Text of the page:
Ancient Arabian arrowheads demonstrated skill

Published online 6 August 2020

8,000-year-old Arabian arrowheads could have been designed to show off technical skill.

Sedeer el-Showk

The team asked an expert to try different fluting techniques to understand how it was done.
The team asked an expert to try different fluting techniques to understand how it was done.

Jérémie Vosges, CNRS
Humans living in Arabia and the Americas thousands of years ago independently invented an advanced technique for carving projectile points that may have been used for different purposes.

The technique, known as fluting, involves removing long, flat flakes from projectile tips like arrowheads and spear points. It was discovered more than a century ago that fluting was practiced by ancient humans in the Americas, but there has been little evidence of it elsewhere. 

An international team of researchers found fluted points uncovered during excavations in Yemen and Oman dated to the Neolithic period, some 8,000 years ago. Fluted points in the Americas are thousands of years older. Their age, together with the paucity of fluting at other sites, has led the researchers to conclude that the technique was independently invented in Arabia. 

The team asked an expert to try different fluting techniques to understand how it was done. This showed that fluting requires a high degree of skill that would have required apprenticeship and regular practice. “Fluting a point risks breaking the whole piece, which would be a waste of time and precious high-quality material,” says lead author Rémy Crassard of France’s Centre National de la Recherche Scientifique. This implies that Neolithic communities must have been willing to make this investment, which would make sense if fluting improved the projectiles. The team argues that this was true of American fluting, which was done at the base of the projectile and might have helped with attaching the haft. However, Arabian fluting was done mainly at the tips, so they argue it was primarily a demonstration of technical skill.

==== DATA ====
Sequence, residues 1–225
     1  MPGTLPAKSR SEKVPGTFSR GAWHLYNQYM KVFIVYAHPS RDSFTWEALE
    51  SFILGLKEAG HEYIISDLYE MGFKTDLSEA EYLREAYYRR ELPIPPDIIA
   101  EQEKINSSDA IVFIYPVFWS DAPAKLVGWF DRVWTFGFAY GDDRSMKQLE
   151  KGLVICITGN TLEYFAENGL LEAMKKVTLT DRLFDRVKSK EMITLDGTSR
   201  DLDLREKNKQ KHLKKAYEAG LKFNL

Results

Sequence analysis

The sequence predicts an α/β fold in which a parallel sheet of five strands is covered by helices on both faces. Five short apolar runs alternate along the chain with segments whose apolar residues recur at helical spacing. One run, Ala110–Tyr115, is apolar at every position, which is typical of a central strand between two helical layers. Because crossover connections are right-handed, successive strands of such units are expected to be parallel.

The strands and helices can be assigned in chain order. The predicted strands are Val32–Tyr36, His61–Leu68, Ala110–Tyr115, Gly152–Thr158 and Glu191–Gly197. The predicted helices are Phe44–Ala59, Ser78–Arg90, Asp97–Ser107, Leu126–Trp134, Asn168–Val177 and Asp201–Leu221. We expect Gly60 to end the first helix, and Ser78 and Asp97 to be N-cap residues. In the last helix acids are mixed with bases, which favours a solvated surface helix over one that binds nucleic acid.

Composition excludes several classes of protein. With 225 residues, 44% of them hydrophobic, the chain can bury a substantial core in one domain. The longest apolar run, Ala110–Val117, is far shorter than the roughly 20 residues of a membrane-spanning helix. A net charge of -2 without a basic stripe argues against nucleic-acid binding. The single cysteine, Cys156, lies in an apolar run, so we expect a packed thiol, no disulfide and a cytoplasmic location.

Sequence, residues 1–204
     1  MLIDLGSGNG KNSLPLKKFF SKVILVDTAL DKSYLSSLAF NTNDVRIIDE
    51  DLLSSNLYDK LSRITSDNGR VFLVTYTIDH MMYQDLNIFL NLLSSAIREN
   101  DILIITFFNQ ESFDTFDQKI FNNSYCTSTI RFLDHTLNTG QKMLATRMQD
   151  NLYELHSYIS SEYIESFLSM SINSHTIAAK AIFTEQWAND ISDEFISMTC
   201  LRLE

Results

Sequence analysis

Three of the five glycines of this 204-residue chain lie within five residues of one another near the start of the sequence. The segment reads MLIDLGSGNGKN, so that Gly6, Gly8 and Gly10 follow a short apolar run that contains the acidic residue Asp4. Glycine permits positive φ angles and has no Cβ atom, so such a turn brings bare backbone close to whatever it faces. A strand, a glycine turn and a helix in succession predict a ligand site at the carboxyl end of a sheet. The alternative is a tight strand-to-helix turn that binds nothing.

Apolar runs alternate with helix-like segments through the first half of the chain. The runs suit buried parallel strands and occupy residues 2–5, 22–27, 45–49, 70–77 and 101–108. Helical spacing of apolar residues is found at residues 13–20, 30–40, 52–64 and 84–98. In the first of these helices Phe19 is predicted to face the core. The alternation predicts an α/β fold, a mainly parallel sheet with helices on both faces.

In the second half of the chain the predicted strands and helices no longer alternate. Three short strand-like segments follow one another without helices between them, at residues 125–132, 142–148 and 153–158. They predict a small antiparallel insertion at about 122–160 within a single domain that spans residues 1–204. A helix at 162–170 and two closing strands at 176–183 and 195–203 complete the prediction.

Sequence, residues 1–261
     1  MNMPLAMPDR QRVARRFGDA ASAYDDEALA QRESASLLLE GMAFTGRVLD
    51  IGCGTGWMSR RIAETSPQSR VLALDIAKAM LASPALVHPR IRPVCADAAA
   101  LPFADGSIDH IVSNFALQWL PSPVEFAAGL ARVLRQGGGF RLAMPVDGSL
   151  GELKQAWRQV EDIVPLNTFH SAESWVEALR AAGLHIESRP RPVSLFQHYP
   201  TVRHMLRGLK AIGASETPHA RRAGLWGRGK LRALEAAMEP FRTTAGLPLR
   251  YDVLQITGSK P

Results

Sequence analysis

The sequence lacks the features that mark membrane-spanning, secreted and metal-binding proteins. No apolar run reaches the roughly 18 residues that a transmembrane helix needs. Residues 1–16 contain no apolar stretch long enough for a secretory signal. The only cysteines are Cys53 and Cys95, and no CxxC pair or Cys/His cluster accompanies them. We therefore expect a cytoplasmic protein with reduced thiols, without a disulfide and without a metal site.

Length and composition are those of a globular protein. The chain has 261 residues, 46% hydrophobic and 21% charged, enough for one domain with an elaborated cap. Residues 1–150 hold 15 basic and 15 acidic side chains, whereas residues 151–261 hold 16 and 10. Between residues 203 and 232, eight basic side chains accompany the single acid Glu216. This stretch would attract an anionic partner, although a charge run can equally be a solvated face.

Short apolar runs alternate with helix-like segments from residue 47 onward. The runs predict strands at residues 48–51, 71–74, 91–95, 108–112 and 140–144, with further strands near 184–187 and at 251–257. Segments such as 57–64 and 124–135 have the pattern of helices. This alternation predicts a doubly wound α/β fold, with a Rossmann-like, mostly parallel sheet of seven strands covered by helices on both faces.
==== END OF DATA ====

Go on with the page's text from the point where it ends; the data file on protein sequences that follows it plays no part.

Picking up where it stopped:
Metin Eren, an anthropologist at Kent University who wasn’t involved in the research, points out that the study didn’t include functional tests, so it’s premature to conclude that Arabian fluting didn’t confer an advantage. Eren also argues that some of the fluting in the Americas may have been for non-functional reasons. “It’s important to emphasize that fluting could be both functional and symbolic or a skill demonstration at the same time,” he says.

Crassard hopes this work will draw attention to the specific prehistoric traditions in Arabia. “The region is still poorly explored. Each time on the field is another occasion for making fantastic discoveries.”


Crassard, R. et al. Fluted-point technology in Neolithic Arabia: An independent invention far from the Americas. PLOS ONE (2020).